Arizona Daily Star from Tucson, Arizona on January 26, 2002 · Page 41
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Arizona Daily Star from Tucson, Arizona · Page 41

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Tucson, Arizona
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Saturday, January 26, 2002
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Page 41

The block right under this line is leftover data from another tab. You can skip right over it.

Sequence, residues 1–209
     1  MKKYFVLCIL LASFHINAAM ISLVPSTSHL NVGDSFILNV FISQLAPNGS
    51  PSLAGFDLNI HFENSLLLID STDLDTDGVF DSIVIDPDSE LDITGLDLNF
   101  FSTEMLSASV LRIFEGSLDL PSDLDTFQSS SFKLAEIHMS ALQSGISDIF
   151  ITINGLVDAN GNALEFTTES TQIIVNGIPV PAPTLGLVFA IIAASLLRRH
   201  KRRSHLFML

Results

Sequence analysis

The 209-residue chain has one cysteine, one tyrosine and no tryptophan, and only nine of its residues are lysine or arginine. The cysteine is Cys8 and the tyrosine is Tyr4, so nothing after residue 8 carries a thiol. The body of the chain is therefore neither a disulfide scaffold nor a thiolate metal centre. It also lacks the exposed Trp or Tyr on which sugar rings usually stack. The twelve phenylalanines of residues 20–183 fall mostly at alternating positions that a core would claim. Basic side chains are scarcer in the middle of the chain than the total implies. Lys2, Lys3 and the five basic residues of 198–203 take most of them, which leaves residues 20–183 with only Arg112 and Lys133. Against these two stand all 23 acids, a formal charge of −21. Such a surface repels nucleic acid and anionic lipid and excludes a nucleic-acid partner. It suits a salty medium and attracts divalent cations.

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CEST AVAILABLE COPY Editor: Jill Jorden Spitz Telephone 520-573-41 77 Fax 573-4144 Email businessazstarnet.com 51 Saturday January 26,2002 SECTION ARIZONA DAILY STAR SERVING TUCSON SINCE 1877 1 Nous & Notes BANKING I DM Federal Credit Union, Tucson's largest credit union with some 86,000 members and $601 million in assets, is expanding. It has purchased the former Ftfth-Thlrd Bank branch at 1100 N. Wilmot Road for $1.25 million and plans to relocate its banking operation currently at 5401 E. Speedway into the landmark inverted-pyramid building by April, said Amle Aros, the credit union's senior vice At the pump - average gas prices TUCSON DATA $1.09 ft? REGULAR , $1.29 ft i PREMIUM ; Ltwwt pricw hi tunny tw tha part wetfc UNtSwwyAwigM 11.106 R S1.3 UnRgguKr 1.?flB Premium HtfiHt d raft rtrt Ahm MdariBmoiHIglMi Staff president DM also plans to move its corporate headquarters, currently at 8467 E. Broadway, into a larger two-story office building it acquired at 2480 N. Arcadia Ave. for $5.1 million. That move will occur sometime in the second quarter, Aros said. Finally, the credit union is negotiating the purchase of land in the Rita Ranch area on the far Southeast Side for a new branch, Aros said. ENTREPRENEURS!!!? I The Tucson Technology Incubator's Entrepreneur's Forum on Tuesday will feature a panel discussion on market research for the startup company. The panel, which will answer questions from the audience, will feature Geoff Smith of BabloveRIdgewood Work Group; Frank Hamilton from Decision Support Inc.; Jan Knight of Bancroft Information Services, Nancy Kewln from On Q Marketing Services LLC and Dave Tedlock of NetOut- comes.com LLC. The OnStarNet:Dis-wT) cuss the future of local architecture. www.azstarnet.comcllps tucsonlook.html event will run from 5 to 7 p.m. at 9040 S.Rita Road, Suite 1100 in the University of Arizona Science and Technology Park. RSVP to Kim Winter at 663-3597 by Monday. A $5 donation is requested to cover refreshments and expenses. ECONOMIC DEVELOPMENT I Steve Weathers, president and CEO of the Greater Tucson Economic Council, will speak at the monthly Building Owners and Managers Association meeting Tuesday. He will discuss GTEC's strategic plan for Tucson. The association luncheon will be at the Sheraton Tucson Hotel and Suites, 5151 E. Grant Road. Anyone interested in Tucson commercial real estate and the business climate is invited to attend. Call Kathy Nlles, BOMA of Greater Tucson, at 2994956 for reservations or information. The cost for the luncheon is $20 for non-members. I Send notices for Tucson Industry News & Notes to Business, the Arizona Daily Star, P.O. Box 26807, . Tucson, AZ 85726; or by fax to 573-4144; or to businessazstarnet.com by e-mail $ . ... ,., f .'-?. ? ": . I National BRIEFING Investors gave blue chips another comfortable boost Friday but nudged tech stocks slightly lower as they dealt with conflicting signals about the economy. The Dow Jones industrial average finished up 44.01 at 9,840.08. For the week, the Dow rose 68.23. The Nasdaq : composite index slipped 4.88 to 1,937.70. For the week, the tech-dominated index rose 7.36. " Retailer Kmart Corp. said it has begun an internal investigation after receiving an anonymous letter claiming to be from employees that raised questions about its accounting. The nation's third-largest discount retailer, which filed for bankruptcy protection Tuesday, said it notified the Securities and Exchange Commission and is cooperating with the regulatory agency, which is conducting its own investigation. Kmart said the letter, which it received just over a week ago, was addressed to its auditors, PricewaterhouseCoopers, its board of directors and the SEC. ImClone Systems Inc.'s stock tumbled to the lowest level in a year after the company disclosed that two federal agencies are investigating the biotechnology firm. The New York City company said in a regulatory filing Friday that the U.S. Department of Justice and the Securities and Exchange Commission are probing allegations that ImClone executives misled investors about troubles surrounding its highly anticipated cancer drug Erbitux. A congressional panel announced last week it would investigate insider trading at ImClone, as well as the company's handling of its failed application for Food and Drug Administration approval. -) Chrysler Group said it would pull a TV ad showing a minivan passing a snowplow after state highway officials complained it encourages reckless driving. The ad shows a snowplow clearing a mountain road as a Dodge Caravan closes in from behind. The minivan passes the plow as the words, "The view never changes unless you're the lead dog" flash on the screen. Compiled from wire reports The risefall of Enron The energy trader grew big and r xi fast. Dumped up its v v stock prices and wooed big shots. How did it all go so wrong? 4 MARKETS January 25, 2002 DOW 30 S&P500 NASDAQ RUSSELL 2000 DOW INDUSTRIALS 10,300 : 10,150 10,000- 9700 Jan. 11 Jan. 25 NASDAQ INDEX 2.050- 2,000 950 VV 1,900 1 ,850 L- Jan. 1 1 Jan. 25 STOCKS OF LOCAL INTEREST (quotes may reflect after-hours trading) Name Div Last Chg AOLTimeWarnerNA 27.48 -0.54 America West NA 3.88 0.08 Apollo Group NA 44.34 0.19 Convergys NA 30.96 -0.84 Home Depot 0.20 47.00 -0.99 Honeywell 0.75 32.70 1.10 IBM 0.56 109.28 0.56 Intel 0.08 33.68 0.48 Name Div Last Chg Intuit Phelps Dodge NA 39.46 -0.31 0.50 32.62 0.76 Pinnacle West 1 60 42.50 -0.04 Raytheon Texas Instr. UniSource Ventana Med. Wells Fargo 0.80 35.27 1.03 0.08 27.45 0.00. 0.40 18.07 -0.01 NA 22.28 0 91 1.04 47.10 -0.05 Tucson resales hit all-time high Home sales break record By Macario Juarez Jr. ARIZONA DAILY STAR A record number of homes were sold in Tucson last year, including an all-time high for resales done through the local Multiple Listing Service. Some 22,000 new and existing homes sold last year, about 2,000 more than the previous year's total sales of 20,039, according to preliminary research by local housing analyst John Strobeck. "We have another record volume, because we had - heavier resales," Strobeck said. The Tucson sales figures track a similar trend nationally. The National Association of Realtors reported Friday that 5.25 million existing homes were sold in 2001. That surpassed the previous sales record of 5.21 million set in 1999 when the economy was booming. The record 5.25 million represented a 2.7 percent rise from the 5.11 million homes sold in 2000. "The housing sector continued to defy the recession," said Karen Dexter, an economist with Merrill Lynch. Locally, resale homes will account for about 16,000 sales in 2001, with roughly 70 percent of those sales coming through the Tucson Association of Re-SEE HOME SALES D7 Tucson-area home resales Including single-family, townhouses, condominiums and mobile homes UNITS SOLD 2000 Em 11.677 2001 L3l1,M1 DOLLAR VOLUME 2000 2001 $1,858,380,806 1 NUMBER OF NEW LISTINGS 2000 i: r:xja 2001 r.;;-, ,isa AVERAGE SALE PRICE 2000 V "$155,3071 2001 : $159,727 1 AVERAGE DAYS ON MARKET 2000 !355 2001 KI352 SOURCE: Tucson Association of Realtors Multiple Listing Service Inc. Staff ' Tele-workers get Ready to Earn Program helps put under-and unemployed in call-center jobs By Paola Banchero ARIZONA DAILY STAR Bven in a recession, the call-center industry is hiring. With that as a starting point, a new program called Ready to F Earn is putting under- or unemployed people on the fast track to teleservicejobs. ' , In six weeks' time, the 14 people enrolled in the program could be working at one of the 40 call centers that dot the Tucson landscape and do everything from dispatching roadside assistance to stranded motorists to taking airline reservations. Tucson is a call-center stronghold, employing about 16,000 workers metrowide, or 5 percent of working adults. But the industry sutlers from a perception that it offers only dead-end jobs at low wages. The reality is more complex. Call centers offer benefits and higher wages than many service industry employers. But like their service industry peers, call centers have high employee turnover. They are constantly looking to fill job openings, even in a downturn and despite announced layoffs at a couple of call centers. "Call centers have gotten a bad rap. But it is not deserved. There are many Tucsonans who work two or three jobs at minimum wage, with no benefits and no ca- f'.'jit h ft jr (i Goodwill Industries instructor Philip Wigtil, left, gives a hand to Vernon Neal and Irene Young. A.E. Aralza Staff reer path to something better," said B. J. Smith, economic development specialist at the city of Tucson Office of Economic Development. "We're trying to change that, and the teleservice industry can be a help to people who have little recent experience in the work force." ; Smith wrote a grant, and received $69,000 from the Economic 'Development Administration, part of the U.S. Department of Commerce. The Office of Economic Development teamed up with Goodwill Industries of Southern Arizona Inc. and the Tucson Ur ban League to create Ready to Earn. "The essence of Goodwill is to put people to work. The city of Tucson's Office of Economic Development does so much with training programs, and the Tucson Urban League knows about adult education and helps people when they have trouble paying their rent It's the right combination," said Suzanne Lawder, chief executive officer of the local Goodwill office. The six-week program combines basic computer and customer-service skills with inter- SEE TELE-JOBS D6 By the numbers I Tucson is a stronghold of call-center employment. Here are the figures: 16,000 TOTAL IN TUCSON 5 OF ADULT WORKERS Cap'n eegee sails into sunset Media icon passe but is likely to be hard act to follow By Jane Erikson ARKONA DAILY STAR To his fans, he's the green-suited superhero. But in the cutthroat world of television and radio advertising, he's no longer au courant So after seven awaiti-wiiining years, media icon Captain eegee has been given his pmk slip. "That's Cap "n eegee," said Tom McMahon, president of McMahon Creative Inc., feigning concern for the soon-to-be-unemployed promoter of the eegee's restaurant chain. "Retire" is the word McMahon used in a prepared statement announcing the impending departure of the Cap'n and his arch-rivals, the purple Hungries. "Personally, it's sad to see Cap'n and the Hungries go," McMahon lamented in his statement "We've had a lot of fun with these characters and they have helped sell a lot of food, but it's time to move in a new direction." So for Cap'n and the Hungries, it's the old heave-ho. Ed Irving, who founded eegee's 31 years ago with kindergarten chum Bob Greenberg, was on a motorcycle trip to California yesterday and could not be reached for comment SEE PASSE D6 Cap'n eegee and the Hungries are being "retired " The restaurant chain 's ads will move in a different direction, its agency says. i 1 ; ' .wa&iJM"?5!- To find out more about Ready to Earn, call Goodwill Industries of Southern Arizona at 623-5174. SOURCE:The Information Technology Association of Southern Arizona American, British Air cancel deal THE ASSOCIATED PRESS WASHINGTON American Airlines and British Airways on Friday walked away from a proposed alliance rather than give up takeoff and landing slots at London's Heathrow Airport The decision marks the second time in five years that the airlines dropped their request to set rates and routes together and sell each other's tickets because federal regulators insisted that they give up the slots as part of the deal. "We will not do this deal at this price," American Chairman Don Carty and British Airways Chief Executive Rod Eddington said in a joint statement The airlines said they would still try to work together within existing rules. Transportation Department SEE AIRLINES D6